Background: Hyperglycaemic emergencies (HEs) continues to be important causes of morbidity and mortality among persons with diabetes mellitus. Hyperglycaemic hyperosmolar state (HHS) and diabetic ketoacidosis (DKA) are the two most common acute metabolic complications seen in persons with diabetes mellitus.
Objective: To describe the clinical presentation and outcome of patients with hyperglycaemic emergencies.
Materials and methods: This was a retrospective descriptive study. Records of patients admitted with hyperglycaemic emergency between April 2013 and March 2015 were retrieved. Data was extracted using a standardized questionnaire which included demographic, clinical and laboratory parameters and outcome at discharge.
Results: A total of 88 patients with HE admitted during the period, 61.4% were females. The mean (SD) age for male and female were 60.2 (12.8), 52.2 (18.3) respectively and the P=0.03. Forty seven (53.4%) had HHS, 34 (38.6%) had DKA and 7 (8%) had mixed type of HE. Out of these patients, 28 (31.8%) were newly diagnosed. Sepsis (30.7%) was the commonest precipitant. Other rare precipitants were Stroke (8%) and myocardial infarction (3.4%). The mean (S.D.) values for random blood glucose, osmolality for HHS and DKA were 34.7 (6) mmol/l, 339.0 (19) mmol/kg and 23.9 (7.6) mmol/l, 312 (14.1)mmol/kg respectively. The mean (SD) serum sodium, potassium and urea were 137.5 (6.7) mmol/l, 4.6 (0.95) mmol/l and 12.8 (8.4) mmol/l respectively. Seven (8%) patients developed complications and the commonest was acute kidney injury. Overall case fatality rate was 34.1%. Age, gender, electrolyte derangement and complications did not predict outcome (P>0.05).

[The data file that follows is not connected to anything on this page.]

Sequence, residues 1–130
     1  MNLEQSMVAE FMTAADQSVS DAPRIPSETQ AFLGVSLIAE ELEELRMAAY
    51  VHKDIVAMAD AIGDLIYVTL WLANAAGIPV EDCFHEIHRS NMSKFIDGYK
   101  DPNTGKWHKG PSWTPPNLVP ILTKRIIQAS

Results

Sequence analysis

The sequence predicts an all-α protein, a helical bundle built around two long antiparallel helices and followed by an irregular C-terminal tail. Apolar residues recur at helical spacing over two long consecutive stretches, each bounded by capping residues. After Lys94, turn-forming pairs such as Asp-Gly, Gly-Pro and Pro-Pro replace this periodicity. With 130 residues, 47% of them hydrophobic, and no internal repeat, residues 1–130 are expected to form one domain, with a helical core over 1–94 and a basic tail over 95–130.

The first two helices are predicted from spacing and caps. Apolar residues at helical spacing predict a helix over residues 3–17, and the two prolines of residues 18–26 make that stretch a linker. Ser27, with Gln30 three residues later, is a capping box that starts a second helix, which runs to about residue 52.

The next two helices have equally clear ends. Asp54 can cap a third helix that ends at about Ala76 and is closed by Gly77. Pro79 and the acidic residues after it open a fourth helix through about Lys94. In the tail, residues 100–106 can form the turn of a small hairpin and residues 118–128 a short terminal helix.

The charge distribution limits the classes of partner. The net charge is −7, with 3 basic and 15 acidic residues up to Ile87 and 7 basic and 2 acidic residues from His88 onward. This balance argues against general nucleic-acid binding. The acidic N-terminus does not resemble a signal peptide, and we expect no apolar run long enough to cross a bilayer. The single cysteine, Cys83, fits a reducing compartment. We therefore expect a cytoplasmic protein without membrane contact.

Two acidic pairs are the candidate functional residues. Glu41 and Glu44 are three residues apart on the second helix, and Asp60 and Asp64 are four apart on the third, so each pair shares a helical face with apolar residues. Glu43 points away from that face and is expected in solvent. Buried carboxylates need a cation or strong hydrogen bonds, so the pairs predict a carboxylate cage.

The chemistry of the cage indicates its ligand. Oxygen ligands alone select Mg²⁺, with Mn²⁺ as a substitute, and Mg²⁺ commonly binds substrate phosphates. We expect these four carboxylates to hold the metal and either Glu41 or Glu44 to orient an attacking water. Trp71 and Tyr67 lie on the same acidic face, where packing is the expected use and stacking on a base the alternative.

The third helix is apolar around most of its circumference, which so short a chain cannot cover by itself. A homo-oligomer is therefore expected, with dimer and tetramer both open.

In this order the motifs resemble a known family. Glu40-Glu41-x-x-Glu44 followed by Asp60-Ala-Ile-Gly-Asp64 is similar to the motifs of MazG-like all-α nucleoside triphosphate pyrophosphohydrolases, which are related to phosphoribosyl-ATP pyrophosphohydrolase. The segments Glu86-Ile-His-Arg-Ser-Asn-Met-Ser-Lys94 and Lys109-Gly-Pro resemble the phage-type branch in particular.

Conclusion: Management of HE constitute a great challenge in poor resource countries, hence emphasis should be made on prevention through adequate glycaemic control and prompt implementation of effective treatment guideline.